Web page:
Cowan is in trouble – or, to use the words of Kevin McKenna, accused of “crimes against humanity” — because he wrote a pathetic, sexist little rant about women’s football. Because of this he is facing “a lynch mob” or, to use a slightly less tasteless expression from McKenna’s defence, facing one of the liberal elite’s regular “executions”. That’s a bit extreme, isn’t it? I mean, yes, he’s written a steaming pile of crap but surely he doesn’t deserve to die for it? Come on, metropolitan chattering classes, have a heart! Continue reading
It was the lovely Mark Steele who pointed out that, when it comes to spending money, it’s the poor who have all the choices, “swanning around in charity shop cardigans and galavanting on shopping expeditions like the women in Sex and the City, squealing ‘Hey let’s go to Poundland and buy a dishcloth’, in ways the rich can barely dream of”. Meanwhile wealthy people like James “I’m not a rich person” Delingpole are scrimping and saving in order to give their offspring the same pricey schooling they received. No Poundland dishcloths, charity shop cardigans or, um, skiing holidays for him. Instead, it’s school fees all the way and what’s more, according to the chair of the Headmasters’ and Headmistresses’ Conference, wonderful parents such as him are made to feel like “social lepers”.
It’s not fair, is it? As Delingpole points out,
I could have done the decent thing and used my earnings to help drive up property prices in a good state-school catchment area; or I could be splurging the same amount of dosh on an annual skiing holiday, a safari and a lease on that nice, chunky Range Rover I’ve always coveted. But instead, miserable, selfish bastard that I am, I’ve chosen to squander my money on my children’s education. What kind of monster must I be?
What kind indeed? In his view, “a loving, caring sort of monster”. In mine, just a rich one, no better nor worse than anyone else, were it not for his truly monstrous dishonestly regarding the broader inequalities in play. Continue reading
This week the Telegraph ran a piece that purported to ask the question “has motherhood ever been so political?” Beneath the obligatory “pregnant woman in boring, inexplicably tidy office” photo, Judith Woods outlined the hard choices faced by mothers in today’s deeply unequal society.
Few people realise, for instance, that when mothers choose to stay at home “it’s not about luxury”. Nor is it about not having a job, or only having one that’s too poorly paid to cover childcare expenses. According to Woods, for these mothers “it’s about replicating the secure, traditional upbringing they had”:
In the process, they forgo holidays abroad, avoid glossy magazines full of the latest fashions they can’t afford and drive battered cars worthy of Only Fools and Horses.
I know, I know, it’s heartbreaking. But don’t use up all the tissues — there’s worse to come: Continue reading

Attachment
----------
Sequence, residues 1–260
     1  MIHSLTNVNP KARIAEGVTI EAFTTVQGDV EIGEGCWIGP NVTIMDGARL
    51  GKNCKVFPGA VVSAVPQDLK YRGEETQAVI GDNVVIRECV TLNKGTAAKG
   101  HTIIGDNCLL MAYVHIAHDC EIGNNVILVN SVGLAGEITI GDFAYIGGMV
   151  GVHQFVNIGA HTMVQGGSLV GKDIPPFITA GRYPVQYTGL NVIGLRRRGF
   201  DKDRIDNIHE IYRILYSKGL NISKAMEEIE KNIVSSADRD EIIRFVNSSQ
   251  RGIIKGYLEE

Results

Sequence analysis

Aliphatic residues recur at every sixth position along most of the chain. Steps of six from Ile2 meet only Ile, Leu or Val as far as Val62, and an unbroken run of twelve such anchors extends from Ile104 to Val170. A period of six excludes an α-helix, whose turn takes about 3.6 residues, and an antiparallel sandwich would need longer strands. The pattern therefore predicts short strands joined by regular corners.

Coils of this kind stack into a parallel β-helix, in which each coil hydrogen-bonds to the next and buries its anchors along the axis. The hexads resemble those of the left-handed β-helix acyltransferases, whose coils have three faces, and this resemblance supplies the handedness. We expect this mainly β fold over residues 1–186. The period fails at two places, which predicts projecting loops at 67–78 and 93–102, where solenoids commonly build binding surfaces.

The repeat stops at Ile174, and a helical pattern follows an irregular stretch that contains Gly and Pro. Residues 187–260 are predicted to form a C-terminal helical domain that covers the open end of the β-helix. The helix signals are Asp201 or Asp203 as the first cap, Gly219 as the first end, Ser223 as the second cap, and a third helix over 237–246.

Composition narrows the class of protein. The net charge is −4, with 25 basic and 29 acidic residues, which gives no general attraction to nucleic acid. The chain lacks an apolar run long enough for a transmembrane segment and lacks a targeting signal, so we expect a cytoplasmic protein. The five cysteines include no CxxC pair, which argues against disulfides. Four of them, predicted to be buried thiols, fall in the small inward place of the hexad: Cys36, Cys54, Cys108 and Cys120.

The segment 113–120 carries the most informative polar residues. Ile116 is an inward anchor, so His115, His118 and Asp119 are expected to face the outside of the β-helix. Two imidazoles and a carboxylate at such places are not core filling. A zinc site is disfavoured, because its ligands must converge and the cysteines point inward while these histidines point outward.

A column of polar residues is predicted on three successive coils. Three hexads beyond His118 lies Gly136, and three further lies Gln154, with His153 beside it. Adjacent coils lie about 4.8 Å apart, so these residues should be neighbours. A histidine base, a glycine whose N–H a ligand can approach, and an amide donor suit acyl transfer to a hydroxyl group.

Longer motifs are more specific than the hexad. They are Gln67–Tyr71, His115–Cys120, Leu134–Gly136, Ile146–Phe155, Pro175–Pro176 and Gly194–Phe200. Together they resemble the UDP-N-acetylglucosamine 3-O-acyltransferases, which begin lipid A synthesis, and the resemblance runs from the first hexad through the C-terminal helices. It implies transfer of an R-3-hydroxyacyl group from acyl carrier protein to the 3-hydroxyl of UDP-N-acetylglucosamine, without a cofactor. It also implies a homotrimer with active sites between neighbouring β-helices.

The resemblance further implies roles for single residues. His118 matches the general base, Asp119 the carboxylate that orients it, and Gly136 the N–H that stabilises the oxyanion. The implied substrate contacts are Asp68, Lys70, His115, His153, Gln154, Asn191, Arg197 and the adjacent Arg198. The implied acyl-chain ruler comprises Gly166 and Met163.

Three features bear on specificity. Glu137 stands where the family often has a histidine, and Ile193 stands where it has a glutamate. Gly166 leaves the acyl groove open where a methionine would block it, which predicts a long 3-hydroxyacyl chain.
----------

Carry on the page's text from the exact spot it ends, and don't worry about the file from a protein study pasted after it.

If only I’d been born three years earlier! Then I’d stand a chance of being a decent feminist. Alas, ‘tis not to be. Since I fall (just) in the 20 to 40 age bracket, I fear I may be one of those women who, according to the Independent’s Yasmin Alibhai Brown, “have squandered the hard-won achievements of the original feminism”. And she’s not happy about it:
I squarely blame the young, who, through foolish apathy, criminal self-indulgence and sometimes uninformed loathing of the women’s movement, have ensured that our social, political and economic environment is less fulfilling, much less safe, less equal and less nurturing than it was even in the 70s and 80s when we old Fems were burning bras and raising hell.
Oh dear. That’s a telling off and a half. But Yasmin, seriously, do you mean the likes of me? I suspect you probably do. Continue reading
This evening I read my children a lovely story called The Duchess of Cambridge’s Big Adventure. In it, a beautiful princess called Kate visits her friends Biff, Chip and Kipper, owners of a magic key which takes them on amazing trips to far-off lands and … Only kidding. The Duchess of Cambridge’s Big Adventure is actually the story of a woman in her thirties who looks nice while being pregnant. The end.
Disappointing though it is that Kate Middleton isn’t doing something genuinely adventurous, it’s not entirely surprising. Day after day we’re reminded that she’s “ripping up the royal baby rule book” by planning to stay with her parents once her baby is born. And that she’s whipping Kim Kardashian’s much commented-on arse in the pregnancy fashion stakes. All very exciting, at least for those of us who are excited by staying with parents and wearing clothes. For the rest of the world, it’s just a bit bewildering. You know something’s not quite right, but it’s hard to put your finger on it. Is it the crapness of royal protocol, the shamelessness of royalty itself, the fawning press, the sexism, the infantilisation of pregnant women … or all of these things at once? And is it even worth worrying about it now when it’s only going to get worse? Continue reading
So, fellow feminists, here’s a quick quiz. Are we:
- Too obsessed with class?
- Insufficiently obsessed with class?
- In the Goldilocks zone as far as class is concerned?
Because frankly, I’m confused. One week Louise Mensch is telling us that feminism’s far too full of “debates about middle-class privilege” to get anything done, the next John Pilger’s complaining that “class is a forbidden word” amongst the feminist elite. “Whose side are you on?” asks John. Well, not the side of those who think the feminist agenda has to be restricted to their own privileged experience of reality. Equality is not achieved by treating the whole world like an op-ed, waiting to be populated with one’s own broad-brush caricatures and overbearing sense of righteousness.